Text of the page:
The Feng Shui Bagua
Also called ba-gua or pakua, the Feng Shui bagua is one of the main tools used in Feng Shui to map a space or room in order to analyze the energy according to life areas.  The bagua can be used for a home, office, property, garden, or even a piece of furniture.  It is incredibly versatile and is used in most Feng Shui perspectives, sometimes in a slightly different format.
The bagua map is a diagram, a Chinese flowchart if you will, to the universal energies for a person’s life goals and paths. Originating from the I Ching and the Lo Shu, bagua is literally translated as “eight house.” It consists of eight external spaces or guas and a central one called the Tai Ji or center. Each of the eight houses is named by a trigram, and points to a specific direction, number, element, season, color, body organ, family member, symbol, location and other life aspects in resonance with that trigram sector. Source: IFSG Feng Shui Glossary
“The secret of change is to focus all of your energy, not on fighting the old, but on building the new.”  – Socrates
Placing the Bagua

Begin by standing at the entrance to the property or home or room, facing the entrance. Lay the bagua on the space with the front edge along the furthest most front edge of the structure.

The bagua is a rectangular or square grid that extends to the edges of all sides and corners. A tic-tac-toe grid is drawn dividing the entire shape into 9 quadrants. When a floor plan or blueprint is not completely square, you are often left with missing areas, corners or guas. This can cause an imbalance in your life and space that can then be adjusted any number of ways using Feng Shui.

See examples below, where the red lines represent the layout of the bagua.  The shaded areas represent missing corners or guas where added support and attention should be placed to balance the floor plan.

The space you are mapping determines on the size of the guas. While some schools of thought lay out the grid of nine squares equally, given that energy flow is fluid and uncontained, know that a bit of energy flow will ebb throughout the surrounding guas. Additionally, as shown above, any extensions of a structure, due to the shape of the building itself or through additions such as decks or porches, extend the outer reaches of the bagua edges. If a shape is not rectangular or square, this may result in missing areas or guas that can be addressed and remedied through advanced techniques by an educated professional.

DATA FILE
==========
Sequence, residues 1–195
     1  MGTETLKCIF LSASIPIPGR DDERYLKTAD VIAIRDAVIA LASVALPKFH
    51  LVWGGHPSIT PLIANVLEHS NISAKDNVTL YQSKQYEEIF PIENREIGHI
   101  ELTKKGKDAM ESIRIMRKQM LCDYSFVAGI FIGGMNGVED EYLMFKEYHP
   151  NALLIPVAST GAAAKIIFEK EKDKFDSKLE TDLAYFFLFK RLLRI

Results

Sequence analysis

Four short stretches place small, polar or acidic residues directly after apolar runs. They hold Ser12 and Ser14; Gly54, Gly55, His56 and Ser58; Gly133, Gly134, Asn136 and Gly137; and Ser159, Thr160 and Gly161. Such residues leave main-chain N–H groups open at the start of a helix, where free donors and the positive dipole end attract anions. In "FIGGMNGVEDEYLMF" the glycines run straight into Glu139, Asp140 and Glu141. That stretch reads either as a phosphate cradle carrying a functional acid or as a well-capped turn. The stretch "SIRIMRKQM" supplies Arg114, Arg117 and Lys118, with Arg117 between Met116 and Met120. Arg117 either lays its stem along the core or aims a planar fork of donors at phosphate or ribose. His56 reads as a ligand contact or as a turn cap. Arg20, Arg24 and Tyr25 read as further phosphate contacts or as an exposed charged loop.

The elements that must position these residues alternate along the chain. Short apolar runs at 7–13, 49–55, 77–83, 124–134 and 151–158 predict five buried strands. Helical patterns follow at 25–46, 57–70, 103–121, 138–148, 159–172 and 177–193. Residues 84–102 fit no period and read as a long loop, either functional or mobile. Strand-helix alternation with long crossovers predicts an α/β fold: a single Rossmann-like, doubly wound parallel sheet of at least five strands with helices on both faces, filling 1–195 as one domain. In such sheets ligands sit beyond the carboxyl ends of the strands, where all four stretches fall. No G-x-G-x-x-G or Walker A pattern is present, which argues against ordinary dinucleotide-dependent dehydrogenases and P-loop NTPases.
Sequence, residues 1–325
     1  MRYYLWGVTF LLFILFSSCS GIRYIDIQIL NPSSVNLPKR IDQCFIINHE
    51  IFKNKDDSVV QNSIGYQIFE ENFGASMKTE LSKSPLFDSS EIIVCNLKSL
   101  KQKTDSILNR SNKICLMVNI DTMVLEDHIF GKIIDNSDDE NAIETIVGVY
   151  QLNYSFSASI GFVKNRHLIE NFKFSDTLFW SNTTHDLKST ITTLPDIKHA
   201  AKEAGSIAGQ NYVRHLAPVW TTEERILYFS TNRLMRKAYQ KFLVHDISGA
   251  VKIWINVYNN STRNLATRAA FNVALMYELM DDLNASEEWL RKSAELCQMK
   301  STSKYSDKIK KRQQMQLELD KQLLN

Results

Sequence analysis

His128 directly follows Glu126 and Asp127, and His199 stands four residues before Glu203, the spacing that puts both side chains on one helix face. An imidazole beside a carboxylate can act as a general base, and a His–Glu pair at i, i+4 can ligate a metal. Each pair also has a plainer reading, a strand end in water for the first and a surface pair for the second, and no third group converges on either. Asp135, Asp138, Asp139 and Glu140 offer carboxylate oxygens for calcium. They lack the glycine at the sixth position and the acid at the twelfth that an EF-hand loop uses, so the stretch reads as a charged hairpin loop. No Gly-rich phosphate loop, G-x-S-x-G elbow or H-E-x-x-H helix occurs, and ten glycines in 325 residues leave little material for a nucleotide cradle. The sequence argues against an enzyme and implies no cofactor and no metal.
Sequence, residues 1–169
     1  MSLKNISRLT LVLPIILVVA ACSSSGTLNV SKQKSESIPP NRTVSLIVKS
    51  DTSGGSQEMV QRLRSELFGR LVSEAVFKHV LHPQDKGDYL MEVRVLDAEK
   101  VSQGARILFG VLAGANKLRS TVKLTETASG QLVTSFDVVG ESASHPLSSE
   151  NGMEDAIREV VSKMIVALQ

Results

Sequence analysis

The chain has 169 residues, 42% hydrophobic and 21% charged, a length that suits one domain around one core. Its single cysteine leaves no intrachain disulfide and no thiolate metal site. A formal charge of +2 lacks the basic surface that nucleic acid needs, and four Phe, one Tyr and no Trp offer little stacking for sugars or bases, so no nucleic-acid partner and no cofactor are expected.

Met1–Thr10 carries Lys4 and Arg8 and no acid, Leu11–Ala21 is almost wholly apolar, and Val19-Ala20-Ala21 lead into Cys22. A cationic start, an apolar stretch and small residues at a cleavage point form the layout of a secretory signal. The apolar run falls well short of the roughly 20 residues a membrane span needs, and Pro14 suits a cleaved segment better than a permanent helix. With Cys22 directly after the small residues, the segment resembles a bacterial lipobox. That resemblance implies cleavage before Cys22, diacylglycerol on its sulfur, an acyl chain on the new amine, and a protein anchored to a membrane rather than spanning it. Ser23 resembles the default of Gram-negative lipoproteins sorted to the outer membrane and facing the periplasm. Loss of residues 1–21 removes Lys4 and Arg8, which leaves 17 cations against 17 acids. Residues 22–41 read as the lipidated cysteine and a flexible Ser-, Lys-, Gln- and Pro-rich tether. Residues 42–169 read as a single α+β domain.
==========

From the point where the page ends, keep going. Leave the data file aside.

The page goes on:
The Grid

The nine life areas, or guas are (facing the structure):

CAREER (front center)
Kan (K’an)
associated with North, element Water, colors black and dark blue, the kidney, bladder, ear, and the sense of hearing,and relates to your success and your relationship with the world outside your home

Gen (Ken)
associated with Northeast, element yang Earth, colors brown to yellow and blue to green, the spleen, stomach, pancreas, the sense of taste, and the symbol Mountain.

Zhen (Chen)
associated with East, element of Yang Wood, color green, the sense of sight and eyes, as well as the liver, gall bladder, extremities, muscles, tendons and ligaments.

Xun (Hsun) – commonly known as wealth and prosperity
associated with Southeast, element Wood, colors green or purple, liver, gall bladder, ligaments, tendons, muscles, hips, thigh, and sense of sight.

Li (Li)
associated with South, element Fire, color red, heart, small intestine, blood, eye, and the sense of touch and feeling, symbol Fire.

Kun (K’un)
associated with Southwest, element of yin Earth, colors brown to yellow, the spleen, pancreas, stomach (belly), and sense of taste, mouth.

Dui (Tui)
associated with West, element of Metal, color white, sense of smell, mouth, large intestines, lungs, and skin.

Qian (Ch’ien)
associated with Northwest, element of Metal, colors grey, white, metallic gold or silver, the head, lungs, large intestines, skin and the sense of smell.

Tai Ji
associated with center, element of earth, color yellow.

Western Bagua/Source Ken Lauer
Compass Bagua/Source Feng Shui Nexus
When implementing cures or enhancements using the compass method, both the environment and the inhabitant’s personal energy are important. We divide the building or space into nine different areas using the luo pan or compass for the eight different compass directions (south, southwest, west, etc) and the center. Additionally, the age of the building is important as different years have potentially different effects on those working and living there.
Applying the bagua, working through the missing areas or corners is one piece of the puzzle.  Balancing the five elements, looking at poison arrows or traffic flows through the space, clearing clutter, and more are all part of creating positive Feng Shui.  Looking at the overall bagua in conjunction with aligning your goals and passions can bring about specific cures or enhancements that support your growth and change.  For example, a single person looking to enhance their relationship status, would look first at the Love and Relationship gua of their space to boost the love energy.  One could also look at the Love and Relationship gua of each room for an added boost.

Using the bagua in conjunction with Feng Shui cures can positively influence one’s chi, finances, love life, creativity, health, environment, and other personal life issues.

International Feng Shui Guild
705B SE Melody Ln, Ste 166
Lee's Summit, MO 64063 US

Phone: 816-246-1898